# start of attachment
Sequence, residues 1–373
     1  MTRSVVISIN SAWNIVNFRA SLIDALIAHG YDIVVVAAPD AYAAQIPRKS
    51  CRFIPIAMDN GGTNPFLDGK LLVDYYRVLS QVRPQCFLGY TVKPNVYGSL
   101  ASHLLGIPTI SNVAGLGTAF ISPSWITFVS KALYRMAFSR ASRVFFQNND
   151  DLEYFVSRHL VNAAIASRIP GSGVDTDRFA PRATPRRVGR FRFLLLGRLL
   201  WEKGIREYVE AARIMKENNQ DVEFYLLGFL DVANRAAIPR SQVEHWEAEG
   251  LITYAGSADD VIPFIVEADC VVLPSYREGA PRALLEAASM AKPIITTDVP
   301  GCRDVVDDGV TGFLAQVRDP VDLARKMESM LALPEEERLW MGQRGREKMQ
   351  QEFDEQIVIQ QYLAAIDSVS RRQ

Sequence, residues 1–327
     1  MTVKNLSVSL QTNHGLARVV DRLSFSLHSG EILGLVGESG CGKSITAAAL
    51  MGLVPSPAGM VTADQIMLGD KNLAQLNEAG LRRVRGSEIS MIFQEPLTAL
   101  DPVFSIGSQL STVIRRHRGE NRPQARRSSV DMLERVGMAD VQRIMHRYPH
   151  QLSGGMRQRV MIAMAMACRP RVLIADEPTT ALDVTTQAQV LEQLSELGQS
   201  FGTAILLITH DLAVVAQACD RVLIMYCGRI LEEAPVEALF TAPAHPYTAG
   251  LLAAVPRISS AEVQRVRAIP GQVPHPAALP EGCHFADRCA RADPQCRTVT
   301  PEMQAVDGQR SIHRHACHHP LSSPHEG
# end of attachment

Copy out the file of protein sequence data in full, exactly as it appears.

Sequence, residues 1–373
     1  MTRSVVISIN SAWNIVNFRA SLIDALIAHG YDIVVVAAPD AYAAQIPRKS
    51  CRFIPIAMDN GGTNPFLDGK LLVDYYRVLS QVRPQCFLGY TVKPNVYGSL
   101  ASHLLGIPTI SNVAGLGTAF ISPSWITFVS KALYRMAFSR ASRVFFQNND
   151  DLEYFVSRHL VNAAIASRIP GSGVDTDRFA PRATPRRVGR FRFLLLGRLL
   201  WEKGIREYVE AARIMKENNQ DVEFYLLGFL DVANRAAIPR SQVEHWEAEG
   251  LITYAGSADD VIPFIVEADC VVLPSYREGA PRALLEAASM AKPIITTDVP
   301  GCRDVVDDGV TGFLAQVRDP VDLARKMESM LALPEEERLW MGQRGREKMQ
   351  QEFDEQIVIQ QYLAAIDSVS RRQ

Sequence, residues 1–327
     1  MTVKNLSVSL QTNHGLARVV DRLSFSLHSG EILGLVGESG CGKSITAAAL
    51  MGLVPSPAGM VTADQIMLGD KNLAQLNEAG LRRVRGSEIS MIFQEPLTAL
   101  DPVFSIGSQL STVIRRHRGE NRPQARRSSV DMLERVGMAD VQRIMHRYPH
   151  QLSGGMRQRV MIAMAMACRP RVLIADEPTT ALDVTTQAQV LEQLSELGQS
   201  FGTAILLITH DLAVVAQACD RVLIMYCGRI LEEAPVEALF TAPAHPYTAG
   251  LLAAVPRISS AEVQRVRAIP GQVPHPAALP EGCHFADRCA RADPQCRTVT
   301  PEMQAVDGQR SIHRHACHHP LSSPHEG